ARE ARMED AND READY
CITIZENS BUYING MUNITIONS OF DEFENSE.
Various Devices Adopted a Safeguards
From Automatic Carbines to Crowingcocks.At least fifty good citizens of this city armed themselves with revolvers yesterday judging from the sales reported at the various stores. Most them were expensive guns too, ranging as high as sixteen dollars for the Smith and Wesson hammerless, the purchasers, that is the majority of them, being determined to arm themselves in a thoroughly up to date method and expend a few more dollars rather than miss any "enterprising burglar when a burgling." Fifty cartridges went in every case with the sales.
Yesterday was not the banner day either in some of the stores. The top notch was reached by E.O. Hall and Sons who sold twenty three on Wednesday alone. The increased sales have been going on steadily for the last two weeks and it is estimated that at least two hundred and fifty 'persuaders' have been bought since the first of the year. Most of these have been of the smaller calibre, 32 or 33, although there have been one or two of the large frontier Colts which carry a heavy 44-40 calculated to let all kinds of daylight, moonlight or lamp light through a highwayman or other robber, which have been bought by particularly blood thrlsty personages. These carry a barrel about a foot long and are not intended for pocket or parlor use, being preeminently manufactured for business purposes.
Liberal purchases of ammunition have revealed the existence of any amount of arms owned by citizens and now out and oiled into utility. If any of the thugs are sufficiently literary in their tastes and language to read English, they may be enlightened and perhaps forewarned by the information that there are undoubtedly over five-hundred American citizens, aside from numerous Chinese, who are "heeled" for their arrival with an armament ranging from a 45-70 repeating rifle to a 22 saloon pistol.
For the benefit of uninvited midnight visitors, at Waikiki. Prince Cupid has ordered an automatic Colt's, which is capable of being used as a pistol or mounted into a carbine. One pull of the trigger will send a stream of eleven bullets into its target, providing it is aimed straight, and as the barrel can be moved in a radius during the delivery in the fashion of a garden hose, the odds are that one shot of the fusillade will come unpleasantly near Mister Robber.
Others, less bloodthirsty, have adopted an ammonia pistol which will effectually put any intruder hors de combat although, if fired in a room, would probably necessitate a hasty exit on the part of the firer.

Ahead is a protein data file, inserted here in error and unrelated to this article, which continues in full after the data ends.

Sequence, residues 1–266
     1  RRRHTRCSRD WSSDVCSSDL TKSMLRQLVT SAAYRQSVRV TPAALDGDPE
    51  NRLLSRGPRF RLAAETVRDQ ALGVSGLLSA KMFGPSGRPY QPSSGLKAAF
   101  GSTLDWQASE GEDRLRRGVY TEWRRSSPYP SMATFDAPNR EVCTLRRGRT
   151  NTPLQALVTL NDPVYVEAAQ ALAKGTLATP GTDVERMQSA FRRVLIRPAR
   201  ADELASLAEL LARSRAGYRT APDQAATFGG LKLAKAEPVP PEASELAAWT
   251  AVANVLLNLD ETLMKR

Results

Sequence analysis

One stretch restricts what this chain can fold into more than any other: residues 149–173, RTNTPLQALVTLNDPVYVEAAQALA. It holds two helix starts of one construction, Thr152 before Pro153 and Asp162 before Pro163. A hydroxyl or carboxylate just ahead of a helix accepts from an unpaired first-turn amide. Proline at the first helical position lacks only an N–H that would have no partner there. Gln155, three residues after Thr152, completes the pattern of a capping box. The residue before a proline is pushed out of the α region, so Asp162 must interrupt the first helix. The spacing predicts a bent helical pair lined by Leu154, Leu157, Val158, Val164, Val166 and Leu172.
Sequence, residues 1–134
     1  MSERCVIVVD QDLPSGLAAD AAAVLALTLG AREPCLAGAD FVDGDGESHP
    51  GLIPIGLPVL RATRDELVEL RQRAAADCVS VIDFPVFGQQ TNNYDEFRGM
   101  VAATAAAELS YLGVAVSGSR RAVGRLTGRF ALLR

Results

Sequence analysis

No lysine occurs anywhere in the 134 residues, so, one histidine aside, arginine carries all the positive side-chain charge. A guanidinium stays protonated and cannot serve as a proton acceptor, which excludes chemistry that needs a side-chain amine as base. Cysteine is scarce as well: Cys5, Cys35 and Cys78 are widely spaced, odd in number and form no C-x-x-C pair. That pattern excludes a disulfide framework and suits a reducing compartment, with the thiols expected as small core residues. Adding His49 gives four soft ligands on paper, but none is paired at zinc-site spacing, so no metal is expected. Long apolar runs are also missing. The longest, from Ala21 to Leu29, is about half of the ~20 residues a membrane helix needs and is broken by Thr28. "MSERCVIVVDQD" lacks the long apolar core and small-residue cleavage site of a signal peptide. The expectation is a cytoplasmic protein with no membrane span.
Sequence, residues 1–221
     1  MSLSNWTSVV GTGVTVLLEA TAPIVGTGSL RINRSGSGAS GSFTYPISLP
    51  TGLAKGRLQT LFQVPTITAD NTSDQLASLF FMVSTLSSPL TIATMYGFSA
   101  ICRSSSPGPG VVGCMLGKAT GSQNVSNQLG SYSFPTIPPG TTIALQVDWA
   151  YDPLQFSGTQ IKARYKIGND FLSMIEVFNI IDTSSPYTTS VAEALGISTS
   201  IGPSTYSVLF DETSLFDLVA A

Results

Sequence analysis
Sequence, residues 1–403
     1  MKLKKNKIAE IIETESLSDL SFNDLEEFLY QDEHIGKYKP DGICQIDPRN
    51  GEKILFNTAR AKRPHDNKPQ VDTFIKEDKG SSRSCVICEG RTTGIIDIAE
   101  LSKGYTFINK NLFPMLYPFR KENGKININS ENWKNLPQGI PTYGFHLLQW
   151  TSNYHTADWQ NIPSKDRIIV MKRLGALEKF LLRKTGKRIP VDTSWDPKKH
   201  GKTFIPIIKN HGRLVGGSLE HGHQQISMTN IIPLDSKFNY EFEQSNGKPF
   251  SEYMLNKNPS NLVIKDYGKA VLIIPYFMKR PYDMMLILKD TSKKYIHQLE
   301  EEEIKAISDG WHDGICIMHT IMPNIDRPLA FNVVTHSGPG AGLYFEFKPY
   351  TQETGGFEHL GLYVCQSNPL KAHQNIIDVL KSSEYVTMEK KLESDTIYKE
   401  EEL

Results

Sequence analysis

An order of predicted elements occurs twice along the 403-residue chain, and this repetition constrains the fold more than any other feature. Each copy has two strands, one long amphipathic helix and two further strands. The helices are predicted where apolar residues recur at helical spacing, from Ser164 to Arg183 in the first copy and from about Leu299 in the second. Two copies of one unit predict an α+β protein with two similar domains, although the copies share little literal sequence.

Pacific Heights Would seem to be armed like a Boer kopje. C. S. Desky has a miscellaneous assortment of firearms and so has J. G. Pratt, for which the latter was purchasing ammunition yesterday. Mr. Desky is said to have thought of turning his cars into armored trains provided with gatlings and mounting a Nordenfelt on the top of the hill and also at the curves in the road if the present situation gets any more alarming. While a burglar could make excellent time running away from anywhere on the slopes of the Heights, he would present an excellent chance for a line shot for anyone who is any good at shooting at running game.
Old maids and other unprotected ladies whose natural timidity will not permit them to handle a firearm, have adopted the ancient custom of procuring.old hats coats and canes from their gentlemen friends and placing them in a conspicuous position under a light that burns all night. Tea trays, tin cans and strings attached to a bell and tied across the doors have also been pressed into service.
Likely looking dogs without a home have been taken in and provided with all the luxuries of life in return for their services as watch dogs. Pedigree counts for nothing in the present exigency, teeth, wakeful habits and a loud bark are the essentials. Those citizens who have a good canine attached to their premises are only troubling themselves about possible holdups. One lady has a rooster who lords it over a numerous brood of hens and she relies upon his inclination to crow lustily on the least provocation to appraise her and scare the intending burglar.
The sales of firearms yesterday were large everywhere. D. Whitman sold nea[r]ly a dozen yesterday as did Pearson and Potter and E. O. Hall. The W.B. Allen Hardware Company sold eighteen most of winch were bought by Chinamen, one cautious pake buying two. "We have sold more revolvers since the first of the year than we have altogether since we have been in business," said Mr. Allen and all the other vendors of guns speak in the same strain. To the "powers that prey" of the city the popular saying is reversed and should now read "Forearmed is forewarned" and it is quite possible that the wholesale purchase of guns will deter the midnight attempts on private property and person for "quite a while."[The Hawaiian Star, Honolulu, H.I., Friday, January 17, 1902. Vol. IX. No. 3069 Pg. 3]